We're really lucky that the past year has seen a renaissance in Japanese food. I'm eating more good sushi and ramen than ever before. And it's now being served izakaya (tavern)-style. In this ever more casual world of dining, the rise of the Japanese gastropub should come as no surprise. Hyde Park's Noble Rice is a tribute to the 15 years chef/owner Eric Fralick spent in Japan. "Across cultures the one element that remains constant is that food holds a powerful nostalgia for all of us. This is what I [want] Noble Rice to be."
That sense of comfort food nostalgia, called natsukashii, is everywhere on Chef Fralick's wonderfully diverse menu, which reflects his love for sushi, ramen, steam buns, small plates and yakitori skewers. And the intimate interior's rustic feel with exposed brick, dark wood, and industrial Edison bulb chandeliers creates a welcoming American izakaya showcase. But the proof is on the plate.
We start with a few of the small specialty plates. The house-made sake and dry rub ribs are surprisingly meaty, and bright flavors from Asian pear and ginger barbecue sauce make the table buzz. The seared tuna is also tasty, but less surprising. Avocado is a common pairing that works well with black sesame and garlic ponzu but lets the fish still remain the star.
The lone disappointment is takoyaki, a huge, deep-brown octopus hush puppy. The exterior is just a bit too hard to crack and seems light on the octopus. However, the tonkatsu Japanese barbecue sauce has plenty of flavor. Still, the other starters have a wow factor this one lacks.
The steamed hirata buns are like puffy tacos filled with sake-laced pulled pork, tangy pear slaw, microgreens and the bite of red onion. I tend to think of Vietnamese bao, but a quick online glance reveals that steamed hirata have become a firm favorite in Japanese ramen shops.
Fralick also offers a distinctly southern American fusion version, NFC buns, with spicy fried chicken, country cream and redeye gravy.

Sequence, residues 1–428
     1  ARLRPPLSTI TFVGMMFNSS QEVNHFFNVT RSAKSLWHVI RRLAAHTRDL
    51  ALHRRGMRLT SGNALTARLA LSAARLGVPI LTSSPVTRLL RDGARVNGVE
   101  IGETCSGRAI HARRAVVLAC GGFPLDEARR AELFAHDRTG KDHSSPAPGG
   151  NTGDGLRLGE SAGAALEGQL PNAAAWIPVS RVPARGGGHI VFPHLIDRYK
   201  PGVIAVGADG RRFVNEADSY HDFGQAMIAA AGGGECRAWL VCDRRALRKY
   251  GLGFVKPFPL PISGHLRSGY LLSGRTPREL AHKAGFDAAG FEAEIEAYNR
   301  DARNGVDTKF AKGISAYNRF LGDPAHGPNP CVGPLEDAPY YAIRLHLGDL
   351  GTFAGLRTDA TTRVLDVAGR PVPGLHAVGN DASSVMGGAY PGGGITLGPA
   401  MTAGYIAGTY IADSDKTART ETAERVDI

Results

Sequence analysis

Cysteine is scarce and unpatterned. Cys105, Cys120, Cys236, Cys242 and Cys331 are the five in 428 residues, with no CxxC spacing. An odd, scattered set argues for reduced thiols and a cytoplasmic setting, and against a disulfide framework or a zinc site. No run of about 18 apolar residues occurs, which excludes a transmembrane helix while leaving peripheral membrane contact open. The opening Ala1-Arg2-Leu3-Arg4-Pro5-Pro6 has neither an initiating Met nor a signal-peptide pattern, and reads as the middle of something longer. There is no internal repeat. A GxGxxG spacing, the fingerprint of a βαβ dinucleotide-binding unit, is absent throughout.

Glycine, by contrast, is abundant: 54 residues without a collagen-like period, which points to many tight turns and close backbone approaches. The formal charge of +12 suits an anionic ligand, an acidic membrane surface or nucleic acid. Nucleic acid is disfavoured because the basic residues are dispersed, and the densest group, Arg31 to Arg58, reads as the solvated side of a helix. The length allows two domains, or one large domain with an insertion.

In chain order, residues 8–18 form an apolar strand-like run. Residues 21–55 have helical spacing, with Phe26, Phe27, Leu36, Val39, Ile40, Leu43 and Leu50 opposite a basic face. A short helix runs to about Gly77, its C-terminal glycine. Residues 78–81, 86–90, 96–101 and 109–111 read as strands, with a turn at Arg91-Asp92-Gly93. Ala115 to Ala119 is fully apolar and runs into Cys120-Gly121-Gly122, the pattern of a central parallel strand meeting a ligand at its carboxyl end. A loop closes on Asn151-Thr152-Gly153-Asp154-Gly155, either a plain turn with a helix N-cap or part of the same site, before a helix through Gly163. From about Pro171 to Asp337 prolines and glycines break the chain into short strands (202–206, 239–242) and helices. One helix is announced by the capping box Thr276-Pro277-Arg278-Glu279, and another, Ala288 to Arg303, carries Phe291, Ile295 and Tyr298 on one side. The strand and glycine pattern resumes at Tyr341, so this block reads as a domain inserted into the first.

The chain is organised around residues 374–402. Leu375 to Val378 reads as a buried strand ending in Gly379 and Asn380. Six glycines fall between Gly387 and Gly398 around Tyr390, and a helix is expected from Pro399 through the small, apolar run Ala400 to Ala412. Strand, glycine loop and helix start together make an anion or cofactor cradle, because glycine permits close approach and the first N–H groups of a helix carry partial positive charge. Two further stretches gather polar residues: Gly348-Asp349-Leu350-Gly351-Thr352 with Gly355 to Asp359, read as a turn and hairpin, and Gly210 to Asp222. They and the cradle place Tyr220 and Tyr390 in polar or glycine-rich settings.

The yakitori skewers have two crisp chunks of lush pork belly glazed with blood orange and maple, and topped with some candied orange peel. The sweet citrus has real punch that balances the lush fat from the pork. I could eat these by the ill-advised-for-your-cholesterol dozen. If you like skewers, there are also four chicken and two veggie options available.
The signature Noble ramen starts with their triple stock, which includes prominent smoke from the juice of pork belly at the core of the broth, Noble tara (sauce), huge round slices of tasty chashu pork, crunchy bamboo shoots (menma), and mayu (black garlic oil). The half boiled egg garnish is cooked to a bright, cool yellow center as it swims alongside sesame seeds and a mound of shredded scallions. Just lovely.
We can't resist the colorful nigiri platter with eight slices of glistening fish resting luxuriously like Manet's Olympia on a chaise of acidulated rice. The salmon, tuna, yellowtail, shrimp, eel, escolar, and a double of surprising monchong from Hawaii deliciously complement the spicy tuna roll, which juxtaposes soft fish with crisp cucumber and the balanced kick of togarashi peppers and sriracha. The heat doesn't overwhelm the tuna, but definitely lingers on the finish.
They offer a nice, selective range of drinks, with beer on tap plus high-end bottles including Duchesse de Bourgogne, a Flanders red ale, and Nest Red Rice Ale from Japan. There's also shōchū and sake by the glass, plus both 300ml and 720ml bottles. In addition to some affordable wine, they even cater to soda aficionados by serving Coke and Sprite in classic bottles from Mexico that are made with natural cane sugar rather than high-fructose corn syrup.
Lastly, if you've never had a chance to try the Ramune strawberry soda, it's a fun option. There's a special top that you use to dislodge a candy covered sphere that remains in the neck of the bottle so that the soda washes over it as you sip. It tastes, well, like sweet and fizzy strawberry. It will bring out the inner kid in you.
Unlike the ubiquitous ice cream mochi that shows up for dessert at many Japanese restaurants, Fralick presents a small bowl with jellied squares of local Buddy Brew cold brewed coffee in a sweet coconut cream sauce with crunchy toasted coconut garnish. Surprisingly, the bitter coffee notes are dominated by the sweet coconut. When I do an experiment and try to remove all the sauce with my tongue before bearing down on the jelly, the coffee shows well. But just eating it together by the spoonful, it seems like a coconut dessert with the squares providing only a contrasting texture. Still, it's an original and tasty option.
Tampa Bay is lucky that Chef Fralick acted on his spirit of adventure and bounced around the izakayas of Japan long enough to fall in love with the cuisine. And now, with Noble Rice, to share his version of natsukashii and Japanese-inspired comfort food that we may now all enjoy.
Jon Palmer Claridge dines anonymously when reviewing. Check out the explanation of his rating system.